Chondritic Meteorite NWA 869

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Chondritic Meteorite NWA 869
Chondritic Meteorite NWA 869

Above: The front of the specimen card.

"...Like drops of fiery rain"

~ H.C. Sorby, English Geologist

Before the Sun, the solar system was a chaotic swirl of dust and ice. 4.5 billion years later, there are planets, moons, and even life. The journey is a long one that has been difficult to understand. The most important clues we have come from stones nearly as old as the solar system itself: chondritic meteorites.

Stony meteorites are classified into two categories, chondrites and achondrites. Chondrites, known for their inclusion of small grains called chondrules, are meteorites that have not undergone internal melting or differentiation since their formation. This means that the material within the meteorites dates back 4.5 billion years, to the birth of the solar system as we know it.

Above: A selection of NWA 869 specimens, each like a drop of firey rain.

This specimen is a complete chondritic meteorite, specifically meteorite NWA 869. NWA 869 was discovered in Northwest Africa in 2000. Over two metric tons of material from this meteorite have been found so far, with sizes ranging from pebble-sized to enormous chunks weighing more than 40 pounds.

The specimen is housed in an acrylic jar that is encased within a glass-topped riker display box. The box measures 4 1/2" x 3 1/2". A small information card is also included, which serves as the certificate of authenticity.

Please Note: The specimens vary in size and shape. Product images are representative samples.

About Chondritic Meteorites

Planets have enough mass to cause significant melting and separation of geologic material. This makes it difficult to learn how they were formed, as their initial state is lost to time. Chondrites, however, have remained relatively untouched. Their geologic structure is a relic from the early solar system and clarifies the past of larger, more complex bodies as well.

Before the planets formed, the solar system was a mix of dust, grains, and ice that orbited the protosun in a disk shape. Over time, this material smashed together, slowly forming planets and asteroids. While the planets grew and changed, asteroids floated around the solar system for billions of years, only occasionally colliding with other objects. Eventually, some asteroids approached Earth, impacting and becoming meteorites.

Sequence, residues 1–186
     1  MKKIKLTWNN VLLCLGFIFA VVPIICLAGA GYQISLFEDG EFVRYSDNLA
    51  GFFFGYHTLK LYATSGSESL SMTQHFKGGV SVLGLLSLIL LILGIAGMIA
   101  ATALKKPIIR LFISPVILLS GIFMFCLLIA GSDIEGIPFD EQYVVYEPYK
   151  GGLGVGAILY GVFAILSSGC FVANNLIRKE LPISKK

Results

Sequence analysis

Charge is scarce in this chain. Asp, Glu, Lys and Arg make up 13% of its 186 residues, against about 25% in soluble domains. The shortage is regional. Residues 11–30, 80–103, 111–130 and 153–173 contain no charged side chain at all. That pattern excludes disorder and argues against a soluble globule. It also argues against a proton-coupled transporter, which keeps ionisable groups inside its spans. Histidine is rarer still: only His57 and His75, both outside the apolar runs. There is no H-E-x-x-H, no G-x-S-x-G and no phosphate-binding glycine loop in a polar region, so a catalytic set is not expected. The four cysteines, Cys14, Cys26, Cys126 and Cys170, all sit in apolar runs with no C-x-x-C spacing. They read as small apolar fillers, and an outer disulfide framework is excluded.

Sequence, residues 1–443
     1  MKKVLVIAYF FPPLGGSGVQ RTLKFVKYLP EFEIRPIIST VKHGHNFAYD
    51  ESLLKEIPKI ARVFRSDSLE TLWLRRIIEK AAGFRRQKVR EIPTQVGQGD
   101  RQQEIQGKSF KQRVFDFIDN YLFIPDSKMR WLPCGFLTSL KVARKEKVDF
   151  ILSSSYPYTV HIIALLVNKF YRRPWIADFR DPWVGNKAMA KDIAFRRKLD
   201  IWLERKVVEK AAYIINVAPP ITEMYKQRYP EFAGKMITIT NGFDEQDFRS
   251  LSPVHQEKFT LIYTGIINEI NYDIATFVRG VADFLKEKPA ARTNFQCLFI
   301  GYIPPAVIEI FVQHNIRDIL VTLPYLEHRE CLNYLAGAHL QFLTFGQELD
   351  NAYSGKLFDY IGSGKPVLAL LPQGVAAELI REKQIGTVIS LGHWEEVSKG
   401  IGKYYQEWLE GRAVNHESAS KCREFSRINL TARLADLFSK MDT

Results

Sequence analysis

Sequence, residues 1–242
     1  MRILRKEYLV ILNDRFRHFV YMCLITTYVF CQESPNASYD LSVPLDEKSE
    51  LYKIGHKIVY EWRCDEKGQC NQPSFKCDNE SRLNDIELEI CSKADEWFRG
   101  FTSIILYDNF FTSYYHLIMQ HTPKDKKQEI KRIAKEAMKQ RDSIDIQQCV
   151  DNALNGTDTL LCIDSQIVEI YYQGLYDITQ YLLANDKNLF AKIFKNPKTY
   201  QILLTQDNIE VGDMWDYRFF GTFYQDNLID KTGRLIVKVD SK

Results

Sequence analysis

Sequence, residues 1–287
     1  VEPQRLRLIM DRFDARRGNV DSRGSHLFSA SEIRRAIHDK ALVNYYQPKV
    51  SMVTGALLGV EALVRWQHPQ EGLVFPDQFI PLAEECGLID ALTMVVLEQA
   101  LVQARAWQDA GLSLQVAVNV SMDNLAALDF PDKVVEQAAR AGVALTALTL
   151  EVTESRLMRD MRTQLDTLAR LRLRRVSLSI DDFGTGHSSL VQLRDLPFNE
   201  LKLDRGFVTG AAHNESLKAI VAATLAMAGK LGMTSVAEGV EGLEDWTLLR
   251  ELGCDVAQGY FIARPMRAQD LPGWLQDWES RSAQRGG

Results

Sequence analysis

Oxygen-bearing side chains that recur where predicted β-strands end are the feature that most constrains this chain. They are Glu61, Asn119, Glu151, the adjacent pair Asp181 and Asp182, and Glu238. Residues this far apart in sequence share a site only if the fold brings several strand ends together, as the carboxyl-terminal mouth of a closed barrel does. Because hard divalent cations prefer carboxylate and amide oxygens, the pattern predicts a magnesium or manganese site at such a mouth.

Chondrites can be identified by the presence of small round grains called chondrules. These beads vary in size but tend to be around a millimeter in diameter. Chondrules are made of silicate minerals and can be glassy or crystalline. It is suggested that they were created by the flash heating and rapid cooling of dust in the early solar system and that the chondrules then gradually accreted together. These tiny objects are the oldest solid matter in the solar system and are the building blocks of planets.

Further Reading

McSween, Harry Y. “Chondritic Meteorites and the Formation of Planets: Leftover Raw Materials from the Beginning of the Solar System Provide Insights into the Way the Planets Were Assembled.” American Scientist, vol. 77, no. 2, 1989, pp. 146–153.

Sorby, H.C, “On the structure and origin of meteorites”, Nature, vol 15, no. 388, 1877, pp. 405–498.

Connelly, James N., et al. “The Absolute Chronology and Thermal Processing of Solids in the Solar Protoplanetary Disk.” Science, vol. 338, no. 6107, 2012, pp. 651–655.

Above: The back of the specimen card.

Chondritic Meteorite NWA 869
Chondritic Meteorite NWA 869